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My twenty-month old son sleeps in a twin bed on the floor of his bedroom, wedged into a corner so he doesn’t tumble out, the corner stuffed with pillows so that he doesn’t bonk his head during bouts of violent toddler sleep. I think there is something wrong with the corner; a bad Feng Shui, or perhaps a terrible energy has snagged there. In the haunted punk rock flophouse I spent my twenties in, my bandmate Cheryl once told me black balls of energy were roosting in the corners of my kitchen “like bats.” Cheryl was clean and sober and Native American and a mystic; when she got into fights with people she prayed for them, which baffled and infuriated her enemies. I believe that there were bad energy bats flapping through that house because of the nightmares I’d had, the prickly sensations, the creaking floorboards and the shadows moving room to room. Classic haunted house bullshit. The transient roommate population tended toward the alcoholic and the pill-addled, smokers of crystal meth and injectors of ecstasy. People with badly compromised psychic immune systems. None of us would have felt the sting of the bad energy bats as they sank their fangs into our auras and sucked out all the pretty colors. Lying in my son’s bed, as I do nearly every night, I wonder if the bad energy bats are with us, tucked into the spider-webby corner of his pale blue bedroom. He’s been sleeping worse than usual, tossing and turning, crying tears through dreaming eyes. What do babies dream? Lying beside him one night, I too began to cry. At forty-five I seemed to have just realized I would never again be sixteen years old. I would never again feel what it feels like to be high on that particular mixture of youth and hormones, my still-pillowy brain not yet hardened to risk, everything possible, probable, permissible. When I think of being sixteen I think of wearing a very short black velvet dress, the torn hem dangling thread. My hair was home-bobbed, choppy and chunky, a harsh burnt-orange color, the result of a failed effort to bleach my hair out from a chemical black. I’m drunk, of course. Did I land on sixteen because drinking never felt as good as it did that summer, drunk in the Boston Common, making out with boys, riding in the trunk of my best friend’s car all the way to Worcester to see The Cure? The ghost of this girl hovered just above my son’s bed, flapping her black wings, and I wept. Later I texted my sister: I’m sobbing because I’ll never be sixteen again. She texted back: I’m sorry you will never be sixteen again. That’s a hard truth. And I’m sorry you have PMS. It was not bad energy bats, of course. Later I lay on the couch and tearfully live-Tweeted my period. Amidst feelings of intense greasy zit bloat absurd horniness gross. But then weeks later I lie in the same spot, and on the verge of falling asleep, have the startling revelation that there is no god. I get that feeling like stumbling from a curb; I jolt awake and quickly there are tears. My son, exhausted from kicking me repeatedly in the abdomen, sleeps through my jerk and sob. The despair is intense, the disappointment. This is all there is, a sprawling dark flash cracked like lightning the length of my universe. What will I pray to? I think dumbly. Oh, no more prayer. I realize that I actually love praying. Something I began skeptically on recommendation became a more habitual way to harness my mind became something that brings me real joy. I love sending love out to the world with my son each night as he falls asleep, even though he actually refuses love to most everyone. We send love from our hearts to Uncle Bear? No. We send love from our hearts to cousin Chloe and cousin Jude? No. Yes, we do, I insist, annoyed, and he responds, No, no, no, no no. Even a child can tell you there are no webs of magical energy strung between the hearts of those who love each other. I’m a fool. Everything fun about life seems gone. I cry myself to sleep. The next day I take a smoldering bundle of sage and walk it around the house, spending extra time in the corners above my son’s bed. I tell my wife we’ve got to move it to a different part of the room, it’s got bad Feng Shui. I tell her about my crying jags. What the fuck do I care about never being sixteen again? I rant. I hate nostalgia. Same for god or no god. I pray regardless, because it makes me feel good and even science has acknowledged it changes your brain. Changing my brain is my favorite high. I pop three Celexa a day with the intention of sinking new grooves into that busted record. Have you been taking your meds? She asks. Yup. This has to be a magical problem. It’s hard to know where to put my son’s bed. The room is small and cluttered with toys, with dressers and shelves. I lay down with him again, stretched out beneath the flap of the bad energy bats. Drowsy, I think about how in my last book I called an ex-boyfriend “Cruise Dude.” Because he took me on a cruise, a bad cruise, the most miserable two weeks of my life, as is the point of the story. “Cruise Dude.” I cringe. Why did I call him that? I feel utterly humiliated. We will never, ever be friends again; how could such a moniker ever be forgiven. “Dude,” a shade less grotesque than “Bro.” Named after a two-week getaway, no identity outside the bad feelings he gave me, barely a mention of the decades of friendship that preceded our doomed affair. I vaguely remembered a fuck it feeling as I wrestled with what to call him. Cruise Dude was a placeholder that stuck; mostly I didn’t want to care too much about it. There is a certain stance you must take to write a memoir, a spell you cast upon yourself at the keyboard. You must not remember that your characters are actual people, people you once loved or maybe still do. Cruise Dude was brought into my memoir to illuminate a point, that I had dated people I shouldn’t have, and thusly have learned hard romantic lessons. Still, why didn’t I call him, like, Charles, or something? Shutting the laptop on that passage, I had smirked internally. Look – he didn’t even warrant a name in the book of my life. That’s what you get, Cruise Dude! If you don’t like it – goes the memoirist’s familiar refrain – you shoulda acted right! It felt good enough at the time. Now, in bed beneath the bad energy bats, a low-level shame pervaded my body. How petty. I always told students not to write for revenge, just tell the story, but when your story is I’ve been done wrong how can you help but steal a morsel of pleasure from the inherent vengeance of tattling? How can you, the wounded author, be trusted? If I understood the desire to confess, it would have saved me a great deal of unhappiness. That is neurologist Alice W. Flaherty in her book The Midnight Disease: The Drive to Write, Writer’s Block and the Creative Brain. Neurologists have found that changes in a specific area of the brain can produce hypergrafia – the medical term for an overpowering desire to write. Flaherty herself became hypergrafic in the storm of a post-partum depression that followed the late-term miscarriage of twins. She had always been wordy, but now her pen flew off the margin. Her brain had been changed. When she became happily pregnant a second time, her brain was changed still and the writing mania came back. Mental illness is not completely separable from sanity, she writes. There is a sense in which mental illness is awfully like sanity – only much, much more so. I have always written. In second grade I started a class newspaper, The Schoolyard Gazette, of which I was the Editor, Publisher and sole Staff Writer. Chicken Pox Is Sweeping the Second Grade rang my first, sensationalist headline. I did the comics page, inking a crude heart coming at another heart with an axe; Don’t go breaking my heart! the caption quipped. When I too fell victim to Chicken Pox I decided to use the time to pen my first novel. Using a paperback as a model, I removed the scratch-proof socks I had on my hands and got to it. Beginning at the beginning, I drew my cover. With a glance at the back, I wrote some blurbs boasting of the story’s special genius. Then I had to write the actual book. I was stumped. I returned to an earlier project, a humorous re-writing of the dictionary, where Abundance, for example, was a social mixer for pastries. In fourth grade I took inspiration from the headlines of the garish Boston Herald American, the low-brow alternative to the Globe and what my grandfather read at the dinner table. When a young girl was finally killed by a mother who had long abused her, I wrote a fictionalized version and dedicated it to her memory. After scanning a piece about the unfair treatment endured by developmentally disabled individuals I penned a short story called The Retard’s Sister. In it, a girl makes a wish that her sister die so that the horrible kids at her school will stop teasing her. And her sister does die, and the guilt is such that she will never again have a happy day for the rest of her punishingly long life. In fifth grade I wrote scripts for The Facts of Life, in particular one wherein Jo inveigles The Go-Go’s to perform at a dance at Eastland Prep. In sixth grade I tried to adapt Judy Blume’s Blubber into a play. In seventh grade I mainly wrote and rewrote Billy Idol lyrics into Lisa Frank notebooks. Then, when I was twenty-one, powerful things happened. I realized I could have sex with girls, and my life exploded. I realized all of society and culture was a misogynist conspiracy to oppress women, and that this web of oppression tangled with other oppressions, racism, say, or how people liked to beat up homeless people, or go fag-bashing; it linked up with anti-Semitism, Fascism. The connection between a police officer in Provincetown who would not allow me to sunbathe topless on the beach and the obliteration of generations at Buchenwald were so clear to me they stung my brain. When I called the cop a Nazi, I meant it. The way agriculture is produced, with chemicals, harvested by brown people sleeping in tents and pissing in the hot sun, was linked directly to slaughterhouses which was linked directly to American slavery. I stopped eating. My stepfather admitted he had been spying on me and my sister, for many years, through holes he’d carved into our walls. This was no different than my mother phoning our old landlord, a friend she had had a falling out with, to warn that a Haitian family was coming to view the apartment. None of this was any different than the dumping of nuclear waste into third-world dumps where workers brought the glowing material back to their children, to delight and kill them. My brain was thoroughly changed. I moved to San Francisco, and began writing. In earnest. I remember being inside a night club, sitting up on top of a jukebox, scribbling into my notebook by the light that escaped it. All around me the darkness writhed with throngs of females, their bodies striped and pierced, shaved and ornamented as any tribe anywhere, clad in animal skins, hurling themselves into one another with love. What feeling it filled me with. An alcoholic, an addict, I know what it is to crave and the need to take this story into my body was consuming. For years I sat alone at tables, drunk, writing out the story of everything I had ever known or seen. Hypergrafia manifests primarily as personal narratives, memoir. My brain did this to me.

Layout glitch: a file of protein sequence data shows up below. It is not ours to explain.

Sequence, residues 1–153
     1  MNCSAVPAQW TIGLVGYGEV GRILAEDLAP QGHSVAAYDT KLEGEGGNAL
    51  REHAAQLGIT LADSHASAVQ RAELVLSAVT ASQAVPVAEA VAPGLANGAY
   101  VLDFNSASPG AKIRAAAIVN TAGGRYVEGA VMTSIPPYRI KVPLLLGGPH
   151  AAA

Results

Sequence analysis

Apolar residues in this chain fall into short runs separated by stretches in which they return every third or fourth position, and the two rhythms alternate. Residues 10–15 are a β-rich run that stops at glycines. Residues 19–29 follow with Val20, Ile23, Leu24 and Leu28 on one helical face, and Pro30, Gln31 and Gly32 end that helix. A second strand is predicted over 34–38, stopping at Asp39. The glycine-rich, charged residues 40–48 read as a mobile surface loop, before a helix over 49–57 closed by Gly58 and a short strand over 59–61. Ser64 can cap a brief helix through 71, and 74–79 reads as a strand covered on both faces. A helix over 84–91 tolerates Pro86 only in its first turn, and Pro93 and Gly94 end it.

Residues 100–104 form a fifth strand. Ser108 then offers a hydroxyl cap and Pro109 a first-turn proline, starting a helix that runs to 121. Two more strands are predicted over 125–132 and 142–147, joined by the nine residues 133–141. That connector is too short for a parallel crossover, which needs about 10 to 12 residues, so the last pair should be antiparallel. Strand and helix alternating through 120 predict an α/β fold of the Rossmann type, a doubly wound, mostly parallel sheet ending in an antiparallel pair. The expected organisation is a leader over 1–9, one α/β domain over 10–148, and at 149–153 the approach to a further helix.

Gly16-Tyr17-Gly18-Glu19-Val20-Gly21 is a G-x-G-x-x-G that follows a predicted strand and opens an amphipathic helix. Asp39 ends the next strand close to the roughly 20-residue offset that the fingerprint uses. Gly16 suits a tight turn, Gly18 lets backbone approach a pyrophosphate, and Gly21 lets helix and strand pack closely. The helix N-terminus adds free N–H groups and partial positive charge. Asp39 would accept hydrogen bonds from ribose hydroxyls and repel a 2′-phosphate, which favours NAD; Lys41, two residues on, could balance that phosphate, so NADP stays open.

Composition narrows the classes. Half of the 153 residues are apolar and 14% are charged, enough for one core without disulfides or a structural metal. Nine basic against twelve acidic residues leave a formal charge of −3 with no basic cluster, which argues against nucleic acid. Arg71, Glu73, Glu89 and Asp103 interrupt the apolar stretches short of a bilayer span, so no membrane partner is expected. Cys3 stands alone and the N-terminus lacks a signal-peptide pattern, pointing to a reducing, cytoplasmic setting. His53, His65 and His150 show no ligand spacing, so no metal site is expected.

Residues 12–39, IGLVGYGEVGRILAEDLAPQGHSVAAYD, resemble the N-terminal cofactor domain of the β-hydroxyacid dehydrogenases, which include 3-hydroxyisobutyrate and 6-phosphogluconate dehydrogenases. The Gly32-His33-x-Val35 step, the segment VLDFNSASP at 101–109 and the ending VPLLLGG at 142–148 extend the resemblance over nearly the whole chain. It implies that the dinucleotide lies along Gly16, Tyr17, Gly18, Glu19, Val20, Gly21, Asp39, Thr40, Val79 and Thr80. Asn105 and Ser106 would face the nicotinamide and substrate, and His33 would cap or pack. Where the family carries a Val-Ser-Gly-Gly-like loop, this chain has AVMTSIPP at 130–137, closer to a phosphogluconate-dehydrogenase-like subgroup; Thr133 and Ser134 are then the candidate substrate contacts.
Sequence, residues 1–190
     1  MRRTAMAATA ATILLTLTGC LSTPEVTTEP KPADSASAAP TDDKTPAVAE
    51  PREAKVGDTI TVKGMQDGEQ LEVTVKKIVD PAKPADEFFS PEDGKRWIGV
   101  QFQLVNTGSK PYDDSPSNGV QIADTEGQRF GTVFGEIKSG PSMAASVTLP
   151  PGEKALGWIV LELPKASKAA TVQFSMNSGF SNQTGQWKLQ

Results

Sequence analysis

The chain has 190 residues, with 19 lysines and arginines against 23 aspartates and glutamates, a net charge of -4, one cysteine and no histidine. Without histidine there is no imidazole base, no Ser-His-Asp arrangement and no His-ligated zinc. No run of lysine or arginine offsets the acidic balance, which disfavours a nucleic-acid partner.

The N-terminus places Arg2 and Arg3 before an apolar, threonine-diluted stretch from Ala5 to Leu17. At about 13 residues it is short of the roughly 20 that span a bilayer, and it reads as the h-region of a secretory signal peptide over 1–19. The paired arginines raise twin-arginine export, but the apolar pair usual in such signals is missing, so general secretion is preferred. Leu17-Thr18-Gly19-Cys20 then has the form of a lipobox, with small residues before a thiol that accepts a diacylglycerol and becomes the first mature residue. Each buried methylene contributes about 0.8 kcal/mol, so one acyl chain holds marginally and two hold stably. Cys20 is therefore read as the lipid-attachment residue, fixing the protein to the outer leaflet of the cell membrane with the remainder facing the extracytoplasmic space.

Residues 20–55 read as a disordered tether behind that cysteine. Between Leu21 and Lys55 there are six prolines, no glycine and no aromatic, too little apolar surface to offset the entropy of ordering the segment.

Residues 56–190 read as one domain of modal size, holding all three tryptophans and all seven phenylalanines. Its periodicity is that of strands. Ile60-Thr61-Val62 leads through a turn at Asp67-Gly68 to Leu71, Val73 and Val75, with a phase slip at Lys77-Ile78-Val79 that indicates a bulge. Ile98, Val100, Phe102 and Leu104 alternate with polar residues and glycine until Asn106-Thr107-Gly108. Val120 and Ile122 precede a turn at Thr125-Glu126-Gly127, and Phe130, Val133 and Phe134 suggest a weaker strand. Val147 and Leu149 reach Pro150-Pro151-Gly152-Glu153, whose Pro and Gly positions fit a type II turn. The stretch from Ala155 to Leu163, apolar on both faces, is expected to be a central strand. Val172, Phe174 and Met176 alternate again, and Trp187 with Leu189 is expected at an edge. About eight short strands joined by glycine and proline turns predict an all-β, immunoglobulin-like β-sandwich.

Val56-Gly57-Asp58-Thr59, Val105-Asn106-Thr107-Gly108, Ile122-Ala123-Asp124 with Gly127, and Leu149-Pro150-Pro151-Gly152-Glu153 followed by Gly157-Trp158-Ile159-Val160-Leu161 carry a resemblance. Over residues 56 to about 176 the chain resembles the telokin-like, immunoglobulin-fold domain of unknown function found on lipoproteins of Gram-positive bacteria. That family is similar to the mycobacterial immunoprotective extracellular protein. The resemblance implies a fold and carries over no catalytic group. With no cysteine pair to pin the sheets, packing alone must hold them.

Table of Contents1. Art + Music a. Valerie Solanas b. Andy Warhol c. On Erin Markey d. On Chelsea Girls e. Purple Rain f. Minor Threat g. Gene Loves Jezebel h. On Sonic Youth’s Magic i. The Rocky Horror Picture Show 2. Love + Queerness a. Transmissions from Camp Trans b. How to Not Be a Queer Douchebag c. Hard Times d. HAGs e. My Husband-Wife 3. Writing + Life a. Pigeon Manifesto b. Lost Jobs c. Telling Your Friends You’re Sober d. Sister Spit Feminism e. Death in the Family f. On Being Polish g. Baba h. Dire Straits i. Against Memoir